Underwater innovation at Illinois Beach State Park to help mitigate coastal erosion

Aerial view of fully installed submerged rubble ridges
Aerial view of fully installed submerged rubble ridges

Each year, winter wreaks havoc on Lake Michigan communities as waves and ice pummel the coast. In recent years, winter storms combined with record high lake levels have been especially damaging. Illinois Beach State Park (IBSP), which is home to the largest stretch of natural shoreline in Illinois, has been especially hard hit, losing valuable roads, dune ecosystems, and beaches.

US Army Corps of Engineers placing stone offshore of Hosah Park in Zion, IL
US Army Corps of Engineers placing stone offshore of Hosah Park in Zion, IL

This past summer, with funding from the EPA Great Lakes Restoration Initiative, a US Army Corps of Engineers crane carefully placed over 10,000 tons of stone five hundred feet offshore of IBSP and Hosah Park, a Zion Park District property wedged between the north and south units of IBSP.  Hidden from view underneath the shallow coastal waters of Lake Michigan, these stones form three “rubble ridges” approximately seven hundred and fifty feet long. They are intended to work in concert to lessen storm waves and protect the eroding beach and unique terrestrial ecosystem in the dunes while preserving views and enhancing fish habitat.

Since 2014, record lake levels have accelerated erosion across the Great Lakes, necessitating the development of new, lower impact, and less expensive measures that can protect shorelines. In the last six years, Illinois Beach State Park has experienced record high erosion along its shore. The park, home to unique prairie and wetland habitat and a beloved local and regional recreation draw, is threatened by high waters and storm overwash that erode and fill in the narrow dune swales– called pannes– home to rare and endemic plants and animals. A group of scientists led by Steve Brown and Robin Mattheus of the Illinois State Geological Survey, and Ethan Theuerkauf of Michigan State University, have worked to document and understand these changes.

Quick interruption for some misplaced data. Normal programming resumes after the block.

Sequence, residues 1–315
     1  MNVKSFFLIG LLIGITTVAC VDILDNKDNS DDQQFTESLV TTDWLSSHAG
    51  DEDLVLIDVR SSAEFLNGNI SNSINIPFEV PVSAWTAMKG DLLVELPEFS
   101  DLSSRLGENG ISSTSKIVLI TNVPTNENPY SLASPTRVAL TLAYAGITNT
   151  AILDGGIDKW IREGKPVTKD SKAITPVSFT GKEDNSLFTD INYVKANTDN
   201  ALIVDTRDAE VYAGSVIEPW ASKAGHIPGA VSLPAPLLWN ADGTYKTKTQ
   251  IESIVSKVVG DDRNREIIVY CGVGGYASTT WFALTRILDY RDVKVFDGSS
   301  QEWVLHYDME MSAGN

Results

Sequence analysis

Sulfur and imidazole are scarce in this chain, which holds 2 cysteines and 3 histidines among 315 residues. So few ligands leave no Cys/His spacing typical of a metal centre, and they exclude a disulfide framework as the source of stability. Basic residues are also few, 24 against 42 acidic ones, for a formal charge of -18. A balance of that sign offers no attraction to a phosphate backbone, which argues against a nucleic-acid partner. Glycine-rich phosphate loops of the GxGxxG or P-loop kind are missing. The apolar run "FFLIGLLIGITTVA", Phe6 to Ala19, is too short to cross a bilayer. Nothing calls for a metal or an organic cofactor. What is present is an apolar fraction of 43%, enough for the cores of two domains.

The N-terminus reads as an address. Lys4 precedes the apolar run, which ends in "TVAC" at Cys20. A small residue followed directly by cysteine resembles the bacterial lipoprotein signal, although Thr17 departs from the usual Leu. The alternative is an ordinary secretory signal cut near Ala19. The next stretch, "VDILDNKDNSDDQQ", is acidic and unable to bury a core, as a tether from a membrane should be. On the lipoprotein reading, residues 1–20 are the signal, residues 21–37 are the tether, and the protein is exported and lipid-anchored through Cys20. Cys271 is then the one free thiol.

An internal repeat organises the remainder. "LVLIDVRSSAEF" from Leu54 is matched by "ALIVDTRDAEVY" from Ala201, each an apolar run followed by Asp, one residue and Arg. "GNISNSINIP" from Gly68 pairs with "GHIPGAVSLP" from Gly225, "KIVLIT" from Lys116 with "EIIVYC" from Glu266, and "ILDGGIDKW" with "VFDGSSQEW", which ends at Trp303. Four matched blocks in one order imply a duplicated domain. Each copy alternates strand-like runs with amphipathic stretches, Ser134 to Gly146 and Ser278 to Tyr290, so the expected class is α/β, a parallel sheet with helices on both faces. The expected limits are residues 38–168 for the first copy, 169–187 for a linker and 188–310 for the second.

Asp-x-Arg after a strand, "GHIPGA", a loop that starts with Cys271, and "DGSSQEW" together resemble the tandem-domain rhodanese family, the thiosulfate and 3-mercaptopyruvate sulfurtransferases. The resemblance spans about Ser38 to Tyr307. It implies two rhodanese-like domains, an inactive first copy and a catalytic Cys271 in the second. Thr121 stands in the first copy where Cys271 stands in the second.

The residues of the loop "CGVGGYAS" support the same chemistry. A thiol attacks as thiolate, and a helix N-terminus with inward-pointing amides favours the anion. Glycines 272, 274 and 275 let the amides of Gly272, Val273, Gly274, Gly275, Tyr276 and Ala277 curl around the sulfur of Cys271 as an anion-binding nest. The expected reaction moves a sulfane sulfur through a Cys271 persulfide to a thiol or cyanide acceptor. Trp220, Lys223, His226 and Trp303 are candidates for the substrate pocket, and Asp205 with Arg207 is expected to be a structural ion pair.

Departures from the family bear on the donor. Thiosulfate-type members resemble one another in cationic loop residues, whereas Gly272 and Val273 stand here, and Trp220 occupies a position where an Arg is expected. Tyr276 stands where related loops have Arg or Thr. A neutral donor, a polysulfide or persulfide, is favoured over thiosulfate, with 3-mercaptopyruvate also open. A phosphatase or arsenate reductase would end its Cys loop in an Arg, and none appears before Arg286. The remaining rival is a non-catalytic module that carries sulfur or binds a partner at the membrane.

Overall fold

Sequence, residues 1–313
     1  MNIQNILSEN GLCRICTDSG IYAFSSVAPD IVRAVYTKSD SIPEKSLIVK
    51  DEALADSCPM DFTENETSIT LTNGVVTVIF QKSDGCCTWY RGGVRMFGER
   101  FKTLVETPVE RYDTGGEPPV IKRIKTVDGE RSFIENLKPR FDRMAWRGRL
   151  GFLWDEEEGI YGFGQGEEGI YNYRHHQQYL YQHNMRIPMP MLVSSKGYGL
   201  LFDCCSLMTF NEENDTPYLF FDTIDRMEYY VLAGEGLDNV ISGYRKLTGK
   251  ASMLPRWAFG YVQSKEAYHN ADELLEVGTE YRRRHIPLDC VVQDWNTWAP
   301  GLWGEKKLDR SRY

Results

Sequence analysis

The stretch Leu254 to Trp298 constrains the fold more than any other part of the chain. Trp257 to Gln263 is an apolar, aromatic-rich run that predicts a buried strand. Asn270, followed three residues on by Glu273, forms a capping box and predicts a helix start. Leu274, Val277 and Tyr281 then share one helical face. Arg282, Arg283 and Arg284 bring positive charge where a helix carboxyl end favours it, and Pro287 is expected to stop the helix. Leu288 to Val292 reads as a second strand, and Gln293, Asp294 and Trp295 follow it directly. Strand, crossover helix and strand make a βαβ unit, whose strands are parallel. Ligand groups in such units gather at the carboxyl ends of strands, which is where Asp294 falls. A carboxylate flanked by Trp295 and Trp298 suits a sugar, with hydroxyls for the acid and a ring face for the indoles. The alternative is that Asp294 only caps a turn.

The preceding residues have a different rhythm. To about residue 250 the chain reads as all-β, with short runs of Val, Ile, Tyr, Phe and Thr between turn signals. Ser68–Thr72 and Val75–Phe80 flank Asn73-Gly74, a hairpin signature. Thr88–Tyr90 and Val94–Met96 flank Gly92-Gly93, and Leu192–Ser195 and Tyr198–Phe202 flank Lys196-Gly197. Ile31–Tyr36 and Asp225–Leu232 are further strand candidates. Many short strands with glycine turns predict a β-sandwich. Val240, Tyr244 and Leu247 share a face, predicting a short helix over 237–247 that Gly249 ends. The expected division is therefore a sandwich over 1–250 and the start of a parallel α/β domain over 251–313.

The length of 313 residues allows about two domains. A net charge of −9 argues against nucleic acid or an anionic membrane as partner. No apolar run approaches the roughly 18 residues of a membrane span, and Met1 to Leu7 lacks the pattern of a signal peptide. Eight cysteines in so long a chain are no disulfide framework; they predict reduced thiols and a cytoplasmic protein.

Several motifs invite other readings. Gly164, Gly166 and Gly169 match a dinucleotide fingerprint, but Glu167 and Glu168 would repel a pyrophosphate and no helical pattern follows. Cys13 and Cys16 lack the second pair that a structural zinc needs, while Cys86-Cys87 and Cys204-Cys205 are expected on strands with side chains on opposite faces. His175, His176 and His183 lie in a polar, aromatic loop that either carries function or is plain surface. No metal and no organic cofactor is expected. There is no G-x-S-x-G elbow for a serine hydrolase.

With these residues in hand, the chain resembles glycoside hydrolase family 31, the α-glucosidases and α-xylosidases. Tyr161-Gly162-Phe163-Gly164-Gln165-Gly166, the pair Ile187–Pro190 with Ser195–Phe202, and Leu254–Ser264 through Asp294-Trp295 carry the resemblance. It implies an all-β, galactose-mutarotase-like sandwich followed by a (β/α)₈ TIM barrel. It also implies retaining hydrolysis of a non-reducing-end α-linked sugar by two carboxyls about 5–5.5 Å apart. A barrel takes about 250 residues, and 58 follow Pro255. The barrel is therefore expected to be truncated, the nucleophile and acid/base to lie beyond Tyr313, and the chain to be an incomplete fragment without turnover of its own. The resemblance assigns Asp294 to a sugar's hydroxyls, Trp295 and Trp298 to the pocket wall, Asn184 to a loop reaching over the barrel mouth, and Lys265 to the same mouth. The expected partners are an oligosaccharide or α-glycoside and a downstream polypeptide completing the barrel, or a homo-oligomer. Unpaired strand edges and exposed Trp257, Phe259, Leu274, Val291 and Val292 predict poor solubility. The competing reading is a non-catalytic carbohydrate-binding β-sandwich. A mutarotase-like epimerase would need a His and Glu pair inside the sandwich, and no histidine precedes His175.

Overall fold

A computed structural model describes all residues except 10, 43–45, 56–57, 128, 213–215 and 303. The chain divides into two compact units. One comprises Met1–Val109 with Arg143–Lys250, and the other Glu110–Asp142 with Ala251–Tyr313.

To build on this work, the IDNR Coastal Management Program enlisted help from Healthy Port Futures, a design-research group funded by Great Lakes Protection Fund, to investigate innovative coastal resilience projects in the Great Lakes. The team collaborated with the Shoreline Management Working Group and other local stakeholders, including IDNR Fisheries and Illinois Natural History Survey scientists, who provided guidance to ensure the rubble ridges provide good fish habitat by creating small, protected pore spaces within the structures. Consulting firm Anchor QEA provided engineering expertise throughout the process, including the development of a wave model to calibrate the rubble ridge concept to local environmental conditions.

Fish swimming among the submerged rubble ridges
Early monitoring data has shown fish already utilizing the rubble ridges for habitat

Researchers from Illinois State Geological Survey, Michigan State, and Illinois Natural History Survey will monitor how efficiently the rubble ridges slow waves, their effect on the adjacent beach and nearshore environment, as well as their ability to support fish habitat over time. If successful, the approach will help protect Illinois beaches and may provide a low-cost alternative for other Great Lakes communities looking to protect their coastal landscapes and enjoy the fishing, birding, and beauty these important landscapes offer. This project represents an important step towards the future of Great Lakes coastal resiliency and is a testament to the importance of interagency collaboration, a reliance on good science, and an investment in developing innovative approaches that preserve the most basic and important qualities and experiences of places Illinoisans love.

Rendering of project plan describing protected beach, dissapated wave zone, submerged rubble ridge, and prevailing wave direction
Rendering of project plan